Uddyotin, Uddyotī, Uddyotī: 4 definitions

Introduction:

Uddyotin means something in Jainism, Prakrit, Hinduism, Sanskrit. If you want to know the exact meaning, history, etymology or English translation of this term then check out the descriptions on this page. Add your comment or reference to a book if you want to contribute to this summary article.

In Jainism

General definition (in Jainism)

Source: The University of Sydney: A study of the Twelve Reflections

Uddyotin (उद्द्योतिन्) refers to “that which is luminous”, according to the Yaśastilaka Campū verse 2.215-216.—Accordingly, “The Self is by nature deathless and without any beginning, endowed with bliss and infinite power, and luminous (uddyotin) and pure. The powerful flames of sinful Karma heat it, like mercury, after lodging it in the body. Under the intoxicating power of Karma, even a man of superior merit goes reeling down to unhappy births. Se [sic] let the wise, who know the cardinal difference between the body and the Self, strive for the bliss that is free from rebirth”.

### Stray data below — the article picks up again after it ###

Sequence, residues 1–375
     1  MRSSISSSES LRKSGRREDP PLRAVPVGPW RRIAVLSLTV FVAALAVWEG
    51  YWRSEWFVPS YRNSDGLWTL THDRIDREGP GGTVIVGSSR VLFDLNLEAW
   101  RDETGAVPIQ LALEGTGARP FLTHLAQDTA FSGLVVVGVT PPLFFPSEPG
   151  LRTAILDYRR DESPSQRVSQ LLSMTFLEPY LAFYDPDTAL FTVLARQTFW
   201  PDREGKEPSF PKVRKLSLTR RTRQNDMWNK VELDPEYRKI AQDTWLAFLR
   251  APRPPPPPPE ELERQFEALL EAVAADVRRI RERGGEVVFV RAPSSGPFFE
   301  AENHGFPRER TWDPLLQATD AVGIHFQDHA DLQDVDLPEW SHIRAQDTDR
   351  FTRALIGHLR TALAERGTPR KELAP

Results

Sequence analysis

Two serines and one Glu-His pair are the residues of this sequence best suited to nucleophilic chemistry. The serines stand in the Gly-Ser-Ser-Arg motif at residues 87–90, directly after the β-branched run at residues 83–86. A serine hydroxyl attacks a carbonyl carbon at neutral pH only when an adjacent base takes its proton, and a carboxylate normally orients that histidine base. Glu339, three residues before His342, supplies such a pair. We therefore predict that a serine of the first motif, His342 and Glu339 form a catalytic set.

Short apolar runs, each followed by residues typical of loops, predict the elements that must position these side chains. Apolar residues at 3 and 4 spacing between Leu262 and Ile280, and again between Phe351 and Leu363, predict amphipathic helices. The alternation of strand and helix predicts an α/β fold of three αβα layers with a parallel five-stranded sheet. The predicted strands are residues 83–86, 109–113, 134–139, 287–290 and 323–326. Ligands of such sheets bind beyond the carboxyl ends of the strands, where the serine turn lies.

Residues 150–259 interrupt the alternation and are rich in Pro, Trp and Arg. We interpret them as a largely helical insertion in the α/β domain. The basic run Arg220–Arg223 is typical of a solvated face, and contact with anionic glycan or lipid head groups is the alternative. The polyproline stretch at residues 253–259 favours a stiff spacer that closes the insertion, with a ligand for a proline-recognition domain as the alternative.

General definition book cover
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Jainism is an Indian religion of Dharma whose doctrine revolves around harmlessness (ahimsa) towards every living being. The two major branches (Digambara and Svetambara) of Jainism stimulate self-control (or, shramana, ‘self-reliance’) and spiritual development through a path of peace for the soul to progess to the ultimate goal.

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Languages of India and abroad

Sanskrit dictionary

Source: Cologne Digital Sanskrit Dictionaries: Monier-Williams Sanskrit-English Dictionary

Uddyotin (उद्द्योतिन्):—[from ud-dyut] mfn. shining upwards, [Varāha-mihira’s Bṛhat-saṃhitā 30, 10.]

[Sanskrit to German]

Uddyotin in German

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Sanskrit, also spelled संस्कृतम् (saṃskṛtam), is an ancient language of India commonly seen as the grandmother of the Indo-European language family (even English!). Closely allied with Prakrit and Pali, Sanskrit is more exhaustive in both grammar and terms and has the most extensive collection of literature in the world, greatly surpassing its sister-languages Greek and Latin.

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See also (Relevant definitions)

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